Poco West Veterinary Clinic and DVM,Clyde Rendell Shoopin convicted on animal cruelty – Jim Thorpe

State reinstates convicted veterinarian’s license

Saturday, March 25, 2017
By Chris Reber creber@tnonline.com

A local veterinarian who was convicted on animal cruelty charges last year will be allowed to continue his practice under probation.

Earlier this month, the State Board of Veterinary Medicine approved an agreement with Clyde Rendell Shoop ending the suspension of his license, imposing a probation and paving the way for him to start practicing again.

Shoop is the owner of Poco West Veterinary Clinic in Jim Thorpe.

His license was suspended last February after state police removed nine horses in critical condition from a Lower Towamensing Township farm he owned.

He was found guilty of 10 counts of animal cruelty last April, and assessed a fine of nearly $20,000. He has since appealed that sentence.

Shoop has maintained that while he owned the 75-acre farm, he did not live there, and the horses belonged to his estranged wife, who lived at the home. The settlement agreement approved March 15 is unrelated to the criminal charges and resulted from a petition to the Board of Veterinary Medicine to suspend Shoop’s license filed last year.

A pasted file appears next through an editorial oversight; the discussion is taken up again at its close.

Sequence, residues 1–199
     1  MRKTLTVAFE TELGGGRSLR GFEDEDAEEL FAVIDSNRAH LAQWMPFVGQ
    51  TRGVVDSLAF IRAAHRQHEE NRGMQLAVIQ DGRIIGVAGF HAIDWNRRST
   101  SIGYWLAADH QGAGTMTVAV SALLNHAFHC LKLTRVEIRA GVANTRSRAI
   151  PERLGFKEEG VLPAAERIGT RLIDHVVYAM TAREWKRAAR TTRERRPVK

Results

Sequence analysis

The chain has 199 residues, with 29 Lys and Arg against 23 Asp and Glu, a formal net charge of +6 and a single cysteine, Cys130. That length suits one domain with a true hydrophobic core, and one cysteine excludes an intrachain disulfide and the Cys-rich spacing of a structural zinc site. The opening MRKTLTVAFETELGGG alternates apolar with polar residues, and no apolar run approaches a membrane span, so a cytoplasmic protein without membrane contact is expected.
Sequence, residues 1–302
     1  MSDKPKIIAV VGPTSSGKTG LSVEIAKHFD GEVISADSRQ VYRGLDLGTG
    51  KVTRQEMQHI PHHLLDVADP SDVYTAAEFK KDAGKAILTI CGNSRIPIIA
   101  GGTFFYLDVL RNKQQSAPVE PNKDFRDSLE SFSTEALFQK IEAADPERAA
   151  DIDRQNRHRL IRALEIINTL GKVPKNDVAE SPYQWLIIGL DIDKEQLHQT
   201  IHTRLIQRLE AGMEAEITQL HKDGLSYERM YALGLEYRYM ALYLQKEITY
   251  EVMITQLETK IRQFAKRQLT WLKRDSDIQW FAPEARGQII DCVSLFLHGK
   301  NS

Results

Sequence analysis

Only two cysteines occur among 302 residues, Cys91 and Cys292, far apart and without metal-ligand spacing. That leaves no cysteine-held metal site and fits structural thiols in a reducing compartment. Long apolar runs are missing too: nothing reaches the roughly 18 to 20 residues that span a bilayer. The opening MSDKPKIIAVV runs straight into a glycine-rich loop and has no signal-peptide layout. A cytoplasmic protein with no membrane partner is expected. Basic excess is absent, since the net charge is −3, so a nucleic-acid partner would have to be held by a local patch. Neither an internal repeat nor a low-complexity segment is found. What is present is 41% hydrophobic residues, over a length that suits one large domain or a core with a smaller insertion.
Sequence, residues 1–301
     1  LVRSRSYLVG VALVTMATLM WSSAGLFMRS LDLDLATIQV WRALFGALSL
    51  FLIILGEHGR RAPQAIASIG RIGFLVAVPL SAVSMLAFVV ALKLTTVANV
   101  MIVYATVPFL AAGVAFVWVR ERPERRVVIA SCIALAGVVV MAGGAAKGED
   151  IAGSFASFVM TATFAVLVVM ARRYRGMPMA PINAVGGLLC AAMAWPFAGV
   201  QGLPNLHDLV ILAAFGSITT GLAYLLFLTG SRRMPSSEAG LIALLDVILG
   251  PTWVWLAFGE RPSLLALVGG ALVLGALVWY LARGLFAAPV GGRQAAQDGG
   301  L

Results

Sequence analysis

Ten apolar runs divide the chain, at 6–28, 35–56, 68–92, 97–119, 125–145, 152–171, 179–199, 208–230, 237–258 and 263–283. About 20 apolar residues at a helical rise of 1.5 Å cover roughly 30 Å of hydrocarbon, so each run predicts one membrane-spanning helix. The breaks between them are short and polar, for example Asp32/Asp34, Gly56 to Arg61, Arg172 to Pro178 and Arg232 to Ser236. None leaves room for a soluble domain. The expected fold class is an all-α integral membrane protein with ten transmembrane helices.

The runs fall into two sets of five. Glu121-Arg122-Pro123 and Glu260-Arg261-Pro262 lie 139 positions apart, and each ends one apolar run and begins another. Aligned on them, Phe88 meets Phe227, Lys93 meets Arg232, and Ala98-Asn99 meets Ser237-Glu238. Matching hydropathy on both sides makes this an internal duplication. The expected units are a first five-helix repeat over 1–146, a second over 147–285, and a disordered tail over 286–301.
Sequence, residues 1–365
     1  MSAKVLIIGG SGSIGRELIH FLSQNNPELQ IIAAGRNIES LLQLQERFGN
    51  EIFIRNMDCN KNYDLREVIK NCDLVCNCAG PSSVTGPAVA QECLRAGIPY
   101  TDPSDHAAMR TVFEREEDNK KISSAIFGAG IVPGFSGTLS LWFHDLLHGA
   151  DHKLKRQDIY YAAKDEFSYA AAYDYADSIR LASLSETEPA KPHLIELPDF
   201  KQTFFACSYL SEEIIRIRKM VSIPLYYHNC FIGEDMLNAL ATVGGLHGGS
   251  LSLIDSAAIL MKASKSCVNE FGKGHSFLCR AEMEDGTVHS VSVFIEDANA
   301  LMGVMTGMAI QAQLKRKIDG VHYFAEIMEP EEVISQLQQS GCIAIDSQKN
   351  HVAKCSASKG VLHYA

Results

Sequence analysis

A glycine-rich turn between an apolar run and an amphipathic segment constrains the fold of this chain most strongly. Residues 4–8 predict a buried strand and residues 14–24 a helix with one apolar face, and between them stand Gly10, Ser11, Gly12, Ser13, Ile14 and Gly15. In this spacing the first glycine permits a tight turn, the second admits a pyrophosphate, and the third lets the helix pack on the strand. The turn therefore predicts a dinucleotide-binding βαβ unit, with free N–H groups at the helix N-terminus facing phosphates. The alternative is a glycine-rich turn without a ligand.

It’s unclear whether Shoop will be able to resume immediately as his license actually expired in November, and has not been renewed.

According to the settlement Shoop’s license to practice as a veterinarian will remain under probation through February 2019. At that time, he can submit a letter asking for full reinstatement.

The terms of the probation include 100 hours of community service, completion of an online remedial course on veterinary ethics, and $4,000 in fines and court costs.

The community service must be completed at animal rescues or other programs such as animal shelters, rescue shelters, 4-H programs, and school programs.

Shoop must also notify the state if he is charged with a crime, changes address, or changes his place of employment.

Shoop acknowledges that he violated the board’s regulations on professional responsibility “by failing to conform to the principle objectives of the veterinary profession,” and by “Failing to protect the health and welfare of an animal that was endangered.”

Shoop declined to comment on the case, and directed calls to his attorney, Armin Feldman. Feldman was unavailable for comment Friday evening.


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